Atheism

Freedom From Religion Foundation questions National Bible Week

Wisconsin: A "Republican-authored resolution recognizes Thanksgiving week as National Bible Week. It declares that reading the Bible has contributed to the moral fiber of society. The Madison-based national nonprofit Freedom From Religion Foundation, which advocates for the separation of church and state, has criticized the resolution, saying that legislators are promoting their own religion." - AP

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Ending Religion—It’s a Bad Idea … Says Richard Dawkins?

"Dawkins has spent his life fighting against God (the God he doesn’t believe even exists). But he still recognizes that atheism (the worldview religion of Richard Dawkins) doesn’t provide the foundation for morality that is needed to keep people from doing 'really bad things.'" - AiG

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Atheism is declining, says report; what should Christians do?

"According to the [Center for the Study of Global Christianity] report, atheism reached its peak in 1970, with over 165 million atheists worldwide. Since then, atheism has been steadily decreasing, with 138 million today, a number that’s expected to drop to 129 million by 2050." - Christian Post

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“Millions of Americans have abandoned religion, only to re-create it everywhere they look”

"Although belief in God is no panacea for these problems, religion is more than a theism. It is a bundle: a theory of the world, a community, a social identity, a means of finding peace and purpose, and a weekly routine. Those, like me, who have largely rejected this package deal, often find themselves shopping à la carte for meaning, community, and routine to fill a faith-shaped void." - The Atlantic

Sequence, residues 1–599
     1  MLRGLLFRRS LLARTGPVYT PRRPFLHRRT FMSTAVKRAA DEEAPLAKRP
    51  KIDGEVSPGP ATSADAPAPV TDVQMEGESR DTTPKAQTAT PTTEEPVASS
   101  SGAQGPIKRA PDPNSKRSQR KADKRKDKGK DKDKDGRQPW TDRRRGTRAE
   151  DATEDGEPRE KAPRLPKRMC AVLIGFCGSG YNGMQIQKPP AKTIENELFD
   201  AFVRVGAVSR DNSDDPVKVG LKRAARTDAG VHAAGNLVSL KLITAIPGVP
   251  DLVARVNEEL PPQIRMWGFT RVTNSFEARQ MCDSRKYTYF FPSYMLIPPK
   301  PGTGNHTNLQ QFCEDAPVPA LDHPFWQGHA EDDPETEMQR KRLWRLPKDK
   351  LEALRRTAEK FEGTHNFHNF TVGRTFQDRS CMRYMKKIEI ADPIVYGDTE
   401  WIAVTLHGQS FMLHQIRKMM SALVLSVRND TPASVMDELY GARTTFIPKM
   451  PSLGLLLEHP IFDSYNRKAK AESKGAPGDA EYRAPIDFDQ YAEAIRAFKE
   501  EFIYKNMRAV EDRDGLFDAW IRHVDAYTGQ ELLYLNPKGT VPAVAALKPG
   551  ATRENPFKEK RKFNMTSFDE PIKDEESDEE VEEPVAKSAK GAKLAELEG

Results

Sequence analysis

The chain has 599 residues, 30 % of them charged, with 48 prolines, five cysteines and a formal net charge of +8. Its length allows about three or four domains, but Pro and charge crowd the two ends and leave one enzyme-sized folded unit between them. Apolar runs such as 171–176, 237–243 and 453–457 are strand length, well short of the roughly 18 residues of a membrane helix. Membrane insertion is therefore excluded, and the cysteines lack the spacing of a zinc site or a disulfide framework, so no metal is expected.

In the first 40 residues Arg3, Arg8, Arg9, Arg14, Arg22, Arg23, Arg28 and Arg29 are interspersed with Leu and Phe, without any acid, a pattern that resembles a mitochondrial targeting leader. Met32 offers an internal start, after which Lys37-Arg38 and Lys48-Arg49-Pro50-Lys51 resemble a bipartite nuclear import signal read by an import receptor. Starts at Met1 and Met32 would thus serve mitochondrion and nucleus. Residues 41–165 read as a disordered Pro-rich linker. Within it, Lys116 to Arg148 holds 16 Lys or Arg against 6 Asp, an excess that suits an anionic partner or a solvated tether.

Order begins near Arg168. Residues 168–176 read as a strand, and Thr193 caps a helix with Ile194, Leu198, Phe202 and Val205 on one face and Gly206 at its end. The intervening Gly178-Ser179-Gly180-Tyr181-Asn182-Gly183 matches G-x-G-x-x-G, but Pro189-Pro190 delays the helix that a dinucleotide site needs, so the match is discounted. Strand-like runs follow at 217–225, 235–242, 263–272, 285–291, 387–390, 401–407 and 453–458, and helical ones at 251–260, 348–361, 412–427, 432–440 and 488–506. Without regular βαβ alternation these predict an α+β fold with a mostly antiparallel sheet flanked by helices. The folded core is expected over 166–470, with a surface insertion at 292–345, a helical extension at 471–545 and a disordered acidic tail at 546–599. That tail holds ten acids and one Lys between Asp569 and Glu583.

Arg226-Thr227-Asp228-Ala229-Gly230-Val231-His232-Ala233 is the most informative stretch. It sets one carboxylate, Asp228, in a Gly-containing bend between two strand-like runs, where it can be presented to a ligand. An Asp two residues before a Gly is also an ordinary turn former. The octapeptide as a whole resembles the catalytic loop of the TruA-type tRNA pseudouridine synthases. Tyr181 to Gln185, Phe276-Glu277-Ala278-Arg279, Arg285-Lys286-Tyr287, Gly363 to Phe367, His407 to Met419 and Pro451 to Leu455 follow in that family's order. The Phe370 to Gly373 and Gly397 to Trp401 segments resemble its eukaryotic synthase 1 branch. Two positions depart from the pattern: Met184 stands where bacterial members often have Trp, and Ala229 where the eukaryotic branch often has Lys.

433 reads

Book Review – Plantinga's Where the Conflict Really Lies: Science, Religion, and Naturalism

Image of Where the Conflict Really Lies: Science, Religion, and Naturalism
by Alvin Plantinga
Oxford University Press 2011
Hardcover 376

Lesser mortals like me can’t claim to fully understand everything Alvin Plantinga writes in books like Where the Conflict Really Lies: Science, Religion, and Naturalism. What we can do is pick up some high-protein food for thought, and possibly, along the way, improve our thinking habits in some potent ways. I read the book primarily as an audiobook, but also in the hardcover form.

First, some context. Plantinga is an analytical philosopher. He writes from a Christian worldview, but—at least in this book—isn’t really doing apologetics for Christianity or for creation doctrine, except maybe indirectly.

Rather, the book is focused on a single two-part question—and the author’s focus throughout is laser sharp. The question is this: Is there really any substantial conflict between science and “theistic religion,” and is there instead substantial conflict between science and naturalism?

Much of the time, Plantinga refers to Christian theism in particular, but he occasionally points out that most of what he is attempting to show applies to other theistic religions as well. His thesis is stated in the Preface:

There is superficial conflict but deep concord between science and theistic religion but superficial concord and deep conflict between science and naturalism. (ix)

Plantinga sums up what he means by naturalism. Also from the Preface:

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